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Design & Lifestyle Hardwood Flooring

Design & Lifestyle Hardwood Flooring

Benefits | Step 1 – How to Choose | Step 2 – Design & Lifestyle | Step 3 - Other considerations

Step 2 – Design and Lifestyle

When choosing hardwood flooring, you need to consider the room and how it is used. It is important that your expectations for performance matches your selection. Look also at which species of wood you prefer, what colour or finish works best in your room, the style and appearance of the floors and the different grades and cuts of the flooring.

The room and your lifestyle
Type of room
What kind of room are you decorating? Flooring in a kitchen may necessitate a different finish or colour than a bedroom or a formal dining room. Consider also whether the room opens up to the outside and if dirty shoes might track through the room. As well, think about what type of transition you’ll have between the new and old floors and adjoining rooms.

Because all wooden floors can suffer from water damage, both solid hardwood and engineered floors are not designed for heavily wet areas like bathroom floors or laundry room flooring. Cupping (edges are raised) and crowning (centre is swollen, edges sloped down) are just a couple side effects of a water-related disaster. Kitchens, in general, are an okay place to install both flooring types as long as the floors are well-maintained and are free from standing water.

Some types of hardwood floors and finishes hold up better to heavy use. If the room will have a lot of foot traffic, children or pets, you’ll want to choose a harder species. Think about how the room will be used and what kinds of activities will take place there.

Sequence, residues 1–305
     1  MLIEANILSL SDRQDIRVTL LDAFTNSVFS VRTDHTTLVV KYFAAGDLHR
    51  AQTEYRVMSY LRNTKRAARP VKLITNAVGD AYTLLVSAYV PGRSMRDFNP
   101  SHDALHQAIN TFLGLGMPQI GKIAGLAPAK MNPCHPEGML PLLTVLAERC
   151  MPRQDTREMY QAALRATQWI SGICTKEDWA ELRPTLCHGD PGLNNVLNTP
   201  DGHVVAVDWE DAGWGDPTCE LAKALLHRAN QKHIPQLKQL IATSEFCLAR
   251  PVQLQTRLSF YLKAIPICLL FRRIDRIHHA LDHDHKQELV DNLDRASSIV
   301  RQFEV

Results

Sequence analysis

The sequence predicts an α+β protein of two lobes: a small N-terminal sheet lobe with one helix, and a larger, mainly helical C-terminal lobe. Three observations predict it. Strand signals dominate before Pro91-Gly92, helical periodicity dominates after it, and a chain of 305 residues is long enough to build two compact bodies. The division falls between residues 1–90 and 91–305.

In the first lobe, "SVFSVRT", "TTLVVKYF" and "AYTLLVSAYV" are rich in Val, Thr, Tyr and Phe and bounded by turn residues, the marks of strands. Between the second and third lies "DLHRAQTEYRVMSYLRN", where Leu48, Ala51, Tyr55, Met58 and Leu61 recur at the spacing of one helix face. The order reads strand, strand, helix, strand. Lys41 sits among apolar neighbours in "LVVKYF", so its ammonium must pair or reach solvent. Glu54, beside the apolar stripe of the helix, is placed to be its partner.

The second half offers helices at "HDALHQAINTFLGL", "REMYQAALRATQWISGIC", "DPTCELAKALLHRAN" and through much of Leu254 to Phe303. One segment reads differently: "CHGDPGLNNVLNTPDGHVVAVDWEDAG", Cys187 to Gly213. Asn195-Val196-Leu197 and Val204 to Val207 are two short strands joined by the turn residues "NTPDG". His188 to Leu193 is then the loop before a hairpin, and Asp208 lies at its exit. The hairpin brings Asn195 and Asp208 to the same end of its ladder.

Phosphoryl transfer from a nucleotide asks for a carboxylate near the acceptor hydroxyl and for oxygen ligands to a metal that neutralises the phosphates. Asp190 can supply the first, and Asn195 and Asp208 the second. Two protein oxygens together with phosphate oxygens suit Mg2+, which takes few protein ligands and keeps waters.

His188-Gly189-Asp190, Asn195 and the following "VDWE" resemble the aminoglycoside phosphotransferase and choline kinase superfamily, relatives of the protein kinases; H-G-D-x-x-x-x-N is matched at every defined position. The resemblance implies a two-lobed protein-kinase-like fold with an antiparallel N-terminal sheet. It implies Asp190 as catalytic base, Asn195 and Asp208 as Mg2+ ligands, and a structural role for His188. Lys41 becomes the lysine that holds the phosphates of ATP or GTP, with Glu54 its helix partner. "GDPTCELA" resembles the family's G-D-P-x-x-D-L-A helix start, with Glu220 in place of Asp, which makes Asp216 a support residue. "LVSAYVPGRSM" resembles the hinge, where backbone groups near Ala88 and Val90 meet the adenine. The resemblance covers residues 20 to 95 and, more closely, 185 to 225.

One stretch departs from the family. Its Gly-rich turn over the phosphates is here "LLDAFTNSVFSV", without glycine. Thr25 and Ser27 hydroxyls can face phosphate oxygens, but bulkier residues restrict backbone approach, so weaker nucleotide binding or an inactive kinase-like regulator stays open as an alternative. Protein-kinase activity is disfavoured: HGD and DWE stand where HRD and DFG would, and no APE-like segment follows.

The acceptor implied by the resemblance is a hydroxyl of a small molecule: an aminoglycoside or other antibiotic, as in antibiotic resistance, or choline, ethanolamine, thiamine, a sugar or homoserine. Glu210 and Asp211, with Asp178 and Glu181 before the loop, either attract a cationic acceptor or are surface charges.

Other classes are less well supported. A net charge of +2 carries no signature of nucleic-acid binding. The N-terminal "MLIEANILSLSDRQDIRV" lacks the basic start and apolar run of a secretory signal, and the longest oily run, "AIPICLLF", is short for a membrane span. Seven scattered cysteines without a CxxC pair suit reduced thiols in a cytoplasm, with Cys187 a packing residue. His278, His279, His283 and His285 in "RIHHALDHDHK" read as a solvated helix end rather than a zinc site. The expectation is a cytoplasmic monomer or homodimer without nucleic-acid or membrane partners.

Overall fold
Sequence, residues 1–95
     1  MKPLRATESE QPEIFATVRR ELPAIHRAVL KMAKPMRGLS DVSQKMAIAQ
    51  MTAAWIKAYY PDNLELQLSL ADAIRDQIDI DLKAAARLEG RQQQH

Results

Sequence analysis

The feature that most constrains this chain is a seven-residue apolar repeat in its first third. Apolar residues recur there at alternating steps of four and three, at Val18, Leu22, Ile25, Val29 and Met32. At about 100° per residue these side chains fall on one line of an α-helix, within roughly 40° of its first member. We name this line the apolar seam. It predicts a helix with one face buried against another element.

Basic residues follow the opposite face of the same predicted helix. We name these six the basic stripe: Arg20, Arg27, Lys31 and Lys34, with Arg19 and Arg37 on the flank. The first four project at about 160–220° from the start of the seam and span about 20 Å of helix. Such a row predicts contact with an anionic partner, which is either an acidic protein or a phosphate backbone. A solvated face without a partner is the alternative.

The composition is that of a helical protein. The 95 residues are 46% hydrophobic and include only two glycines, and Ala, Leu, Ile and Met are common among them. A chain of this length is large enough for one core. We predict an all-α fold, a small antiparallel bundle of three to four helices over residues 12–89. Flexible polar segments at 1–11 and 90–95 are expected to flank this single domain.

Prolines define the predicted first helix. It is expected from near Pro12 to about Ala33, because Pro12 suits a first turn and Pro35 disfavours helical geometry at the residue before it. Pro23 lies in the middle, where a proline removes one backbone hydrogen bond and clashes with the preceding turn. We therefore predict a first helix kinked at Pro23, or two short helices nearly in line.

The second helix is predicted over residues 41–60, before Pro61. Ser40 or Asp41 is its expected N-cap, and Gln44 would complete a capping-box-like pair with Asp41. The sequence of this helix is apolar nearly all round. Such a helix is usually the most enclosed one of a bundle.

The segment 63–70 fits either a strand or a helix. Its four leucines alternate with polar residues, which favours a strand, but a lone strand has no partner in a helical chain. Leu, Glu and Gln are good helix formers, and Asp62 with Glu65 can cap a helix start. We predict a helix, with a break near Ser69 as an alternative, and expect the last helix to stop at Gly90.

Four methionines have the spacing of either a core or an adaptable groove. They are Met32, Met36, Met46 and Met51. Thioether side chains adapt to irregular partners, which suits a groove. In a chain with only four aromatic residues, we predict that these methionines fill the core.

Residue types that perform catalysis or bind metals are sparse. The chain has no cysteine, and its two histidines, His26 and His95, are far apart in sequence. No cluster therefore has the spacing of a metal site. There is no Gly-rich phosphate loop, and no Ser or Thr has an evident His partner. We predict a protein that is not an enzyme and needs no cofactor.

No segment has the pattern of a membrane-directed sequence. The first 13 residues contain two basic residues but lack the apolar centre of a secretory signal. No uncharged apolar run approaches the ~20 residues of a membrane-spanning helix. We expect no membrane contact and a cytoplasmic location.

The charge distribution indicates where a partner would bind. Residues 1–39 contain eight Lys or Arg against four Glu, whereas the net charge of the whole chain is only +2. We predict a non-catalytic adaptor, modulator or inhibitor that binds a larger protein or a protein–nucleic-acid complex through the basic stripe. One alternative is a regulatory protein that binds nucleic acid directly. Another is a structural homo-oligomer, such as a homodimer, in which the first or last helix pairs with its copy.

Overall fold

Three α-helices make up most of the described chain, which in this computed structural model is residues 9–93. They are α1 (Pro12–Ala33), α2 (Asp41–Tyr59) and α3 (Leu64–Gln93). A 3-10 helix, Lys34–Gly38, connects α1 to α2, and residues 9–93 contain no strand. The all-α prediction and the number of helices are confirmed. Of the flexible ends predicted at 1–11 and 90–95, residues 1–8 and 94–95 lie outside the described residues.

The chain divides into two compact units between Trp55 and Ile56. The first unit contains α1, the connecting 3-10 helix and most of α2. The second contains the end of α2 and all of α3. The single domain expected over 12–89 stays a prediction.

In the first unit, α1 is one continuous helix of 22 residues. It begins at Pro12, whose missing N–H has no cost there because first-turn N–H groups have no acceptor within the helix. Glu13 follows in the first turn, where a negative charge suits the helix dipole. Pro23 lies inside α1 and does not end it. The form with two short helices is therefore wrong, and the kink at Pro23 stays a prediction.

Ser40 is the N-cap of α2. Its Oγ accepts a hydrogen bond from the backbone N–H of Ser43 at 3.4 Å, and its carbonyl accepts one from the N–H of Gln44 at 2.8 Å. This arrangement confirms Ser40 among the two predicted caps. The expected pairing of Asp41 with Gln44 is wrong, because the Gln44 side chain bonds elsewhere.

Room aesthetics
The size of the room, sight lines to the rest of the home and flow between rooms can all influence flooring choices. Consider also the lighting in the room, and how the placement of windows, skylights and indoor lighting affect the look of your floors.

Consider what is motivating your search for new floors. Is it a practical need for a new floor, a desire for a new look, for allergies or physical restrictions, or are you looking to increase the value of your property for resale?

Species and Performance
Wood flooring comes in a wide range of species, designs and colours. Its’ all a matter of taste but

a wood floor is for life. That’s why it’s so important to choose carefully.

Each species of wood has its own grain, colour and pattern. Your choice of species depends on your personal preferences and the look you want to achieve. There is a big price range within the variety of species as well. Some of the more popular species are Oak and Maple, Birch, Ash, Beech, Cherry and Walnut. Popular exotic woods include Brazilian Cherry (also know as Jatoba), Lapacho (also know as Brazilian Walnut) and Merbau. Different species have different hardness levels (measured by the Janka scale), which affect their durability.

Janka hardness scale for wood flooring species
The Janka hardness test is a measurement of the force necessary to embed a .444-inch steel ball to half its diameter in wood. It is the industry standard for measuring the durability of various species to tolerate denting and normal wear.

Colour and Finish
Wood comes in many different colours and tones, which can have a big influence on the appearance of the floor. Any species can be stained different colours to achieve different looks and effects.

Consider what look you want to achieve and how the floor colour plays into that aesthetic. Remember that hardwood floors last a very long time, longer than many home fashion trends, so choose a look that will have longevity. Think about the other features in the room and whether you’re looking to accent or contrast other colours in the room. The lighting in the room will also influence the colour so plan to look at a sample in the room where you’re planning to install the floors.